3.) Barry Bonds

A Bonds documentary would be the hardest one to get made because it would hinge on him admitting that he did a shit ton of steroids, which he will never do, but the subject is interesting. Bonds is one of the greatest baseball players of all-time and the centerpiece of the biggest scandal in MLB history. He holds records that many in the game don’t acknowledge, and had a horrible relationship with the media and fans during his playing days. For the doc you have Bonds sit down like Jordan, drinking and smoking a big cigar, you somehow get him to open up and press him about the steroids and hopefully he admits what he did. You craft other stories with interviews with the other steroid users from the era including a Rodmanesque appearance from Jose Canseco, talk to Mark McGwire, Sammy Sosa, Rafael Palmeiro, ARod, and let them attack Bonds for being the reason they all got caught. Talk to some slimballs from Balco and a bunch of trainers who were around Bonds and injected him or watched him do steroids and pin him down. This would be a pretty combative documentary but if he finally admits it, the 10-part series could be groundbreaking.


4.) Brett Favre

Trust me, a Favre documentary would be better than you think. His life and career have a lot more layers and most fans remember. He was incredibly popular in the ’90s and arguably the face of the league for a few years. Favre was a lot of fun for Packers fans and many other fans to root for, and is now almost a punchline 10 years after his career ended. A Favre doc could get into his early career and trade to the Packers, his rise to success and fame, addiction and rehab, comeback and Super Bowl win, Monday Night Football game after his dad died, eventual demise in Green Bay and feud with Aaron Rodgers, retirement saga, resurfacing with the Jets and then Vikings, almost taking Minnesota to a Super Bowl, iron man starting streak, subsequent sexual harassment accusations, and many other storylines. We get absolute gold during our interviews with Favre himself on his farm/ranch in Mississippi. Talk to his teammates and coaches (especially Mike Holmgren), get some good perspective from his wife, and bring in John Madden to just jerk him off for ten hours. Favre is simultaneously one of the most exciting, maddening, fun, and tragic figures in NFL history and would make for a surprisingly deep 10-part documentary.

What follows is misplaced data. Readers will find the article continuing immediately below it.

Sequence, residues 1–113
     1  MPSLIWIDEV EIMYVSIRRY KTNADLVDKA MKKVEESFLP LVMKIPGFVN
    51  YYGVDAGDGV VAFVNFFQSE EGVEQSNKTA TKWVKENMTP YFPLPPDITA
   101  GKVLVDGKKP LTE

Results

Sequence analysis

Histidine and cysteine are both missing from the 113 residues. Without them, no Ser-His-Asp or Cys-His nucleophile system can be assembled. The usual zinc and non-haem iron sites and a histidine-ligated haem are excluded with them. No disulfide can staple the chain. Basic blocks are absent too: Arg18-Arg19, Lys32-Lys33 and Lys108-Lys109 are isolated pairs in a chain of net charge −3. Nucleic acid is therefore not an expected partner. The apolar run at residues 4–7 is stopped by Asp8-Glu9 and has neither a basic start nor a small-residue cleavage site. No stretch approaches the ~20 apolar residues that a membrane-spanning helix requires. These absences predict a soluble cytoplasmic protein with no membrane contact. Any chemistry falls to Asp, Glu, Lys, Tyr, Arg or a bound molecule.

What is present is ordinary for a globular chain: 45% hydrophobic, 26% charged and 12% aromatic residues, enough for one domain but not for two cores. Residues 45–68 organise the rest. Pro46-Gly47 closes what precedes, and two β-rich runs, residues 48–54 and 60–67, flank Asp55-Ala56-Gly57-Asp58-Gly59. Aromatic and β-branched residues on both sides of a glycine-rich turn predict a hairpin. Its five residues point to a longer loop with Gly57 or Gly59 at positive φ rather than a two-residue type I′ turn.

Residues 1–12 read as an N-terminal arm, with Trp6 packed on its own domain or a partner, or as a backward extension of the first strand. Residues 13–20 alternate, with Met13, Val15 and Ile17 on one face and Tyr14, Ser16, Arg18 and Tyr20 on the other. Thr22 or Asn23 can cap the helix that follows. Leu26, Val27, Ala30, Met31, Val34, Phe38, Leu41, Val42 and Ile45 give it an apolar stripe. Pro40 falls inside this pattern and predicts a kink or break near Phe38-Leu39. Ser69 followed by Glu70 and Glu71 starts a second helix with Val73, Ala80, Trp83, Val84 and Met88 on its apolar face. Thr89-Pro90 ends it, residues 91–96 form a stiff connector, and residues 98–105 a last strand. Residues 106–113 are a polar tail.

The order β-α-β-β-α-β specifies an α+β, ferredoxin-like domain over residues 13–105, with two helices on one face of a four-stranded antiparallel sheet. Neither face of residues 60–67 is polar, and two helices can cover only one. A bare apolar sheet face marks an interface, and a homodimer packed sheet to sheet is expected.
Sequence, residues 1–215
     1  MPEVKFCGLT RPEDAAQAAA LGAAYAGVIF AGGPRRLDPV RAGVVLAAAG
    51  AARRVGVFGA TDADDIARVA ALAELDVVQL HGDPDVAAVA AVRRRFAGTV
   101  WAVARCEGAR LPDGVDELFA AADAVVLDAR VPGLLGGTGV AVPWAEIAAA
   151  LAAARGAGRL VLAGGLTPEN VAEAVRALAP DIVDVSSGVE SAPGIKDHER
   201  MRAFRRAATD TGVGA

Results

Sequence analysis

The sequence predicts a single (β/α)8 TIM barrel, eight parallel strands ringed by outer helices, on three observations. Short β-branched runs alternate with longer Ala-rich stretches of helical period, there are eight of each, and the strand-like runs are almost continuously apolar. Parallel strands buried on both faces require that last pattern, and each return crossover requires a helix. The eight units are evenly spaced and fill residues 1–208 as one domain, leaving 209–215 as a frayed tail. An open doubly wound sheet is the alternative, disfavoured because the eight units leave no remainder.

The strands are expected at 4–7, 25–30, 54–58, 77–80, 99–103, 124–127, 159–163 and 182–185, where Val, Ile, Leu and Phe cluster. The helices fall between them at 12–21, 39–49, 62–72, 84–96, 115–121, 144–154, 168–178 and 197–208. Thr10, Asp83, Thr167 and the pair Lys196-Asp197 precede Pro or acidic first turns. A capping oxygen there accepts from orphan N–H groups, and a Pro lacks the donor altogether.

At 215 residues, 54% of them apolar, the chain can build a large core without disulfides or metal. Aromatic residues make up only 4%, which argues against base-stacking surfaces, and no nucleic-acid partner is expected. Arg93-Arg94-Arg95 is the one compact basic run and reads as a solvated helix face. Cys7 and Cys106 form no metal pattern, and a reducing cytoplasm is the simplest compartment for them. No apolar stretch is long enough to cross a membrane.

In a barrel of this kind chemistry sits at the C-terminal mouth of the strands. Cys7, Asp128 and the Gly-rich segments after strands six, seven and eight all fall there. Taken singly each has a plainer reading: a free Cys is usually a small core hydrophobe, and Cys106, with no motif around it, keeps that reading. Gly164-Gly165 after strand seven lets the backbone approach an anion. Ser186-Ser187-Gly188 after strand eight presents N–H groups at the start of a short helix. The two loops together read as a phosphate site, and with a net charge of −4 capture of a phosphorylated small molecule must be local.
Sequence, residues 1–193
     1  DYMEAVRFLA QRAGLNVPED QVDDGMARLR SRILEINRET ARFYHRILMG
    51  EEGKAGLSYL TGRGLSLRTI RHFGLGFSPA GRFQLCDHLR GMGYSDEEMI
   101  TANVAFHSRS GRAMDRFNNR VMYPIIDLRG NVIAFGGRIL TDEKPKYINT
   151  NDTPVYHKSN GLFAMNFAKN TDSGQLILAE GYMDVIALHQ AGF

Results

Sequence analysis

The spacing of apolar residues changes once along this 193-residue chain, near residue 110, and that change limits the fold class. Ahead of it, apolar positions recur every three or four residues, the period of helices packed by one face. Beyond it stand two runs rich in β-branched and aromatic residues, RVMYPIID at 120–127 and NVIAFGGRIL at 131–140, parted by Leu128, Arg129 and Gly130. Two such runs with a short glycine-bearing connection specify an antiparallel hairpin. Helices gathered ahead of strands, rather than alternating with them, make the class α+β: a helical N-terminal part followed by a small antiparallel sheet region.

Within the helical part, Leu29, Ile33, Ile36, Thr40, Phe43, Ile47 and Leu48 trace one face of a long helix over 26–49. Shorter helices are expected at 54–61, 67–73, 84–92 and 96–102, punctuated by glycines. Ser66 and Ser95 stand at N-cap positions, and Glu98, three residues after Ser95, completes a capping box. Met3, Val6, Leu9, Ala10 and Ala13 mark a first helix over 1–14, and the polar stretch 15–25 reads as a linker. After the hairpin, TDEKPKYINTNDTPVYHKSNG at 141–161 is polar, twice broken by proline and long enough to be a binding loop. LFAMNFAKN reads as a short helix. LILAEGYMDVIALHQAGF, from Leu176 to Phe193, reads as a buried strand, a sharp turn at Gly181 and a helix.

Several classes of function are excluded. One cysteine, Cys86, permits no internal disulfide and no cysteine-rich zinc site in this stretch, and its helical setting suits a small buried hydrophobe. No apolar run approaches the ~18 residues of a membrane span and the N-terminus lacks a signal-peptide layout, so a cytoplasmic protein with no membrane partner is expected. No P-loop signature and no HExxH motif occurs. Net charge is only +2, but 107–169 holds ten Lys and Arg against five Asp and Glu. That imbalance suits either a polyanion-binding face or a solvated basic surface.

5.) Bill Russell

We need someone to round out the list who wasn’t at the height of their career during the ’90s. Bill Russell retired over 50 years ago, but his impact on the NBA and sports is still being felt. Russell is one of the five greatest basketball players of all-time and led the Boston Celtics to 11 championships, making him the greatest winner in basketball history. Russell played in an era where Black players were treated like second class citizens, and had to fight just to be respected. He was integral in the civil rights movement and one of the most important activists of his time. Russell would have great perspective on the entire history of the NBA, and it would be incredible to hear what he has to say about his fellow NBA super stars like Wilt Chamberlain, Larry Bird, Magic Johnson, Michael Jordan, and LeBron James. You get other NBA legends talking about how Russell was the gold standard and motivated them to win. Get interviews with other activists from the time and talk about his activism. Even though most young sports fans might not have the same relationship with Russell as they do with Michael Jordan, Russell’s story is one worth telling.


Some honorable mentions who didn’t quite make the cut included: Hank Aaron, Lawrence Taylor, Willie Mays, Magic Johnson, Jim Brown, Kareem-Abdul Jabbar, Serena Williams, Michael Phelps, and Deion Sanders.







Whose Career is Better: Favre vs. Rodgers

The Green Bay Packers have been blessed with almost three decades of hall of fame quarterback play. From 1992 since Brett Favre took over as the starter, he and Aaron Rodgers have combined to lead the Packers to three Super Bowl appearances and two wins (one each), 13 Division titles, 273 wins and five NFL MVP awards. Now that it seems like Rodgers’ career might be ending earlier than anybody would have thought, it’s time to decide whose career would you rather have Brett Favre or Aaron Rodgers?

For this exercise I will be looking at the totality of each quarterback’s career. That means we do have to count the Favre retirement saga and his subsequent comebacks with the Jets and Vikings. It is also impossible to predict what will happen to Aaron Rodgers in his last few seasons, and even how many season he will continue to play. He could do a John Elway and comeback and win a few lat career Super Bowls, or he could drop off and lose his starting job to Jordan Love, who knows. For the sake of the argument we’ll assume he doesn’t win another Super Bowl.